"Game of Thrones": 10 Questions for Season 7
Love and romance are in the air, and this week we feature a collection that was built on both. Jasmin turned her boyfriend, Aron, onto comics two years ago, and today he submitted his collection of romance-themed comics, just in time for a certain heart-filled holiday coming up next week.
Although the two are currently in a long-distance relationship, one way they’re keeping in touch is through comics. Check it out below, and Happy early Valentine’s Day to Aron and Jasmin.
Earlier this week I posted about Becky Cloonan’s upcoming minicomic The Mire being available for pre-order, but those looking for more immediate gratification can find a complete short story from the Conan and Demo artist on the Heartbreak: Just Friends site.
Jonathan Rivera and Nick DeStefano are putting together an anthology of “the world’s greatest anti-romance comics,” and one of the stories in it is by Cloonan. And for Valentine’s Day, they posted her entire story, “1989,” an autobiographical tale set in the fourth grade.
Joining Rivera, DeStafano and Cloonan in the pages of Heartbreak: Just Friends are Vasilis Lolos, Star St. Germain, Liz Baillie, James Euringer and newcomer Lacey Whelan, so this sounds like something that’ll be worth your money once it is published in March. You can find more details on the book here.
Legal | The attorney for Marc Toberoff, the lawyer representing the Siegel and Shuster families in the bitter battle over the rights to Superman, argued last week before a three-judge panel of the Ninth Circuit Court of Appeals that Warner Bros. shouldn’t be granted access to sensitive documents stolen from Toberoff’s office and delivered anonymously to the studio in 2008. A federal magistrate judge ruled in May 2011 that Toberoff waived privilege to the documents when he turned over the files in response to a grand jury subpoena issued in the investigation of the theft. An attached cover letter, dubbed the “Superman-Marc Toberoff Timeline,” was determined in 2009 not to be covered by privilege, and become the basis for the studio’s lawsuit against the attorney, in which it claims he acted improperly to convince the heirs of Jerry Siegel and Joe Shuster to seek to reclaim the original copyright to the Man of Steel. Warner Bros. also alleges that Toberoff schemed to secure for himself “a majority and controlling financial stake” in the Superman rights. [Courthouse News Service]
Legal | Former Judge Dredd artist Brett Ewins was arraigned Thursday on charges of grievous bodily harm with intent following an incident last month in which he allegedly attacked police officers with a knife when they responded to a public-disturbance call. The 56-year-old Ewins, who reportedly has a history of mental-health issues, was remanded into custody pending a Feb. 17 preliminary hearing. [Ealing Gazette]
Okay, not quite, but who am I to pass up the opportunity to quote My Fair Lady? At any rate, check out this video of a fan popping the question to his fair lady at the Marvel booth at the New York Comic Con this past weekend. Here’s hoping things go better for them than for Peter and Mary Jane!
(via Agent M)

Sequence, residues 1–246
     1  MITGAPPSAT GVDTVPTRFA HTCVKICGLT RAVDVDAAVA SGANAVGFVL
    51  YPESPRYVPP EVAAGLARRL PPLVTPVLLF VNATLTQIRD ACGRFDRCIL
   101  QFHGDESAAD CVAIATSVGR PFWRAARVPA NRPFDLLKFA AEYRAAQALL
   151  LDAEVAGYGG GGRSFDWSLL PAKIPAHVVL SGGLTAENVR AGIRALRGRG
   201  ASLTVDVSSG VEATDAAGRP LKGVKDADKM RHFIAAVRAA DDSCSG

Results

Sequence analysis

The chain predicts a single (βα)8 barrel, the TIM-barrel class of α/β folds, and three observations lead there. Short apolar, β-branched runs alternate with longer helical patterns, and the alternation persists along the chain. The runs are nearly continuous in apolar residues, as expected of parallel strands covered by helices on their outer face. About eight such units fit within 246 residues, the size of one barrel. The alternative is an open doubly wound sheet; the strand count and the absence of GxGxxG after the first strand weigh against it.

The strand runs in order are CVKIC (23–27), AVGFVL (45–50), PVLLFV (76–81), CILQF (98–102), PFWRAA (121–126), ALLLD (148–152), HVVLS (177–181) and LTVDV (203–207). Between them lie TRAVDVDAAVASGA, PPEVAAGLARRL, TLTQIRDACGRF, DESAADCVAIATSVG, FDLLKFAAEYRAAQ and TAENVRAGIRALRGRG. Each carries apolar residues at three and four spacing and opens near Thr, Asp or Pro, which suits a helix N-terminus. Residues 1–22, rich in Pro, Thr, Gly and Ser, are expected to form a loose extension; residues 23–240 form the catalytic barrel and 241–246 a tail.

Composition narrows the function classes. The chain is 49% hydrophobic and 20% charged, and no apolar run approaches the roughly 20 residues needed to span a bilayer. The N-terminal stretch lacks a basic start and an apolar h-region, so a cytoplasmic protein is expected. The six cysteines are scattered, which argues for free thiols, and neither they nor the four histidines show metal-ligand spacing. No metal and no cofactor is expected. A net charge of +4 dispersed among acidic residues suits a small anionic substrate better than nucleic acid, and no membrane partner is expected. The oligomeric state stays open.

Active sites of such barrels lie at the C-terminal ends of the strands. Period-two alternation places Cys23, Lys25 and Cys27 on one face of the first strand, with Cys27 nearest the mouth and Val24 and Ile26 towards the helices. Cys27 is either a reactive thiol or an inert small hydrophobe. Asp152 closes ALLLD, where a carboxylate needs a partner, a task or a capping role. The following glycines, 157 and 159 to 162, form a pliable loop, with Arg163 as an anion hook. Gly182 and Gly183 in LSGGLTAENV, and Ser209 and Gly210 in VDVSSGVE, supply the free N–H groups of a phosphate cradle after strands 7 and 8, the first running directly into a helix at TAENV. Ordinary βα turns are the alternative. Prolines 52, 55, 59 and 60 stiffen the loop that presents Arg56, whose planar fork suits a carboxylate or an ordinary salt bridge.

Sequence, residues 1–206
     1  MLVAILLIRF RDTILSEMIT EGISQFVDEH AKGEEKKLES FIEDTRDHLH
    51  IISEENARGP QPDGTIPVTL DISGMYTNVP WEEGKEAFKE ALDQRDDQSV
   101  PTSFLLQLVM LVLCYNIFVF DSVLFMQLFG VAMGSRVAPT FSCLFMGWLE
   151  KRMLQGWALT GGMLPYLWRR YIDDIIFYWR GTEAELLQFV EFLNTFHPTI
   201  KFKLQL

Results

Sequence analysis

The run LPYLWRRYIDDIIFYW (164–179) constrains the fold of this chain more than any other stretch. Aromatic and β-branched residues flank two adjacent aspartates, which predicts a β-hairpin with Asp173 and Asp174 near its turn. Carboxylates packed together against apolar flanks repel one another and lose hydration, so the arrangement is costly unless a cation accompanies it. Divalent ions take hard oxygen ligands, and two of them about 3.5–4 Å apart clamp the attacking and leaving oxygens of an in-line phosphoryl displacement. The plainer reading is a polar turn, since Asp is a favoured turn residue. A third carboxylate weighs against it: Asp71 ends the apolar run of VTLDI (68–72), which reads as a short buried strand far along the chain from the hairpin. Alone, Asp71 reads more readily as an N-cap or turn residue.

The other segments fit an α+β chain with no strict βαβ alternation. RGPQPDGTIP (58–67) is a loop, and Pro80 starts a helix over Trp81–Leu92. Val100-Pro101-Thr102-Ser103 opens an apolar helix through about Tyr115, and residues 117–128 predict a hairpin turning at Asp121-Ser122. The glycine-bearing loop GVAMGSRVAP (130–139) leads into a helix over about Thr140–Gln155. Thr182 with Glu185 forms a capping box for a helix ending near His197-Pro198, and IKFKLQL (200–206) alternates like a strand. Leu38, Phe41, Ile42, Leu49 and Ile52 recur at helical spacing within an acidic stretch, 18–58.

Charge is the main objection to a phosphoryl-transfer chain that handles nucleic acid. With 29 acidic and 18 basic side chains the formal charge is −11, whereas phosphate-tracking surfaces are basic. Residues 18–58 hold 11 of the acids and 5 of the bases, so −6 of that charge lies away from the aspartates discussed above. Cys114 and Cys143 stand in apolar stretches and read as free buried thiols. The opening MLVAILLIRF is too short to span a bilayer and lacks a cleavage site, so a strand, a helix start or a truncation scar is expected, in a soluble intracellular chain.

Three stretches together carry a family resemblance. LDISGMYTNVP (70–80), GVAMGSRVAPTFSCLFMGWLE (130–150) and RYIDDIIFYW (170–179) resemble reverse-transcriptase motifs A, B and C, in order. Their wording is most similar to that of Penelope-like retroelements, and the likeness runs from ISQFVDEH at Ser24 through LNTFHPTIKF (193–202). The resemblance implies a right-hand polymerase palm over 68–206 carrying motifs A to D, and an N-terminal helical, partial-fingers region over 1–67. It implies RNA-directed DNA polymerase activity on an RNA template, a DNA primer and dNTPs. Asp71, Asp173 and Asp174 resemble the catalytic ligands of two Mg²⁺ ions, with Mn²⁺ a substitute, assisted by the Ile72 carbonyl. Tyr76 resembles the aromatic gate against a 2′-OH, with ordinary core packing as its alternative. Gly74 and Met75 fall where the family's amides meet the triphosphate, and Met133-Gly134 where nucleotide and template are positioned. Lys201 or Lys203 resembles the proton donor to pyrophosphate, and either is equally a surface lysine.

The interesting thing about Gina Biggs is not that she is the creator of a shoujo manga webcomic. Lots of people do that.
What’s interesting is that she has kept her comic, Red String, going continuously for six years, growing the audience as she goes; that Dark Horse, a publisher better known for manly manga than for quiet romances, published the first three volumes; and that she is a key member of Strawberry Comics, a collective of like-minded female creators who promote romance comics online.
While almost all the early global manga creators signed contracts with Tokyopop, Biggs chose to put her comic online and build an audience that way. After three volumes she is now self-publishing Red String and she says she makes about the same amount of money and works about as hard as when she was with Dark Horse. And best of all, she looks like she is having fun.
It’s called Sequential Crush and it’s devoted to romance comics, specifically romance comics published during the 1960s and 70s. This is no ironic, “oh weren’t those old comics corny” smarm-blog, but a loving and occasionally fascinating look at the genre. For example:
Last night while working on my presentation for San Diego (which involves a lot of scanning), I came across this spectacular example of “love story graffiti” which I just have to share. In this particular case the pages of the book itself were not altered, but there was an addition made to the book! In between the pages of My Love #3 (January 1969) were these scathing words…
Click on the link to see what the mystery note contained. I’m certainly not going to spoil anything.
World of Kane presents “The Hippest Girl in the World” from the 1967 comic “Mod Love.” There’s no info about the artist, but it’s drawn in a style I can only weakly describe as “pop psychadelic.” Can you taste the colors man?
In case all of the candy hearts and flower shop window displays didn’t clue you in, it’s Valentine’s Day today, or as I like to call the holiday, “Oh Christ, not that again.”
In our past life we looked at our favorite comics couples, but this we thought we’d have a bit of fun and play matchmaker by picking characters we’d most like to see shack up, regardless of genre or sexual orientation.
Below is our results. See if you can come up with some of your own unique romantic pairings in the comments section.
Aquaman and the Sub-Mariner – They have so much in common.
Little Lulu and Charlie Brown – After spending so much of her youth surrounded by hooligans like Tubby and Alvin, I’m sure Lulu would greatly appreciate a sensitive soul like Charlie Brown.
Jimmy Corrigan and the She-Hulk — Call it a hunch, but I get the feeling Jimmy’s got a thing for aggressive women.
Astro Boy and Jocasta – Robot love baby! Robot love!